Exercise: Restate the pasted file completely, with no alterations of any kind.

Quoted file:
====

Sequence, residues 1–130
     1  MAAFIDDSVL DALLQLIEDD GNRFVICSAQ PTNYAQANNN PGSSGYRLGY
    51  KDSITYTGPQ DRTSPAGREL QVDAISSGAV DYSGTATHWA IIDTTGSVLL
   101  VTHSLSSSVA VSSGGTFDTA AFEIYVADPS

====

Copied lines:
Sequence, residues 1–130
     1  MAAFIDDSVL DALLQLIEDD GNRFVICSAQ PTNYAQANNN PGSSGYRLGY
    51  KDSITYTGPQ DRTSPAGREL QVDAISSGAV DYSGTATHWA IIDTTGSVLL
   101  VTHSLSSSVA VSSGGTFDTA AFEIYVADPS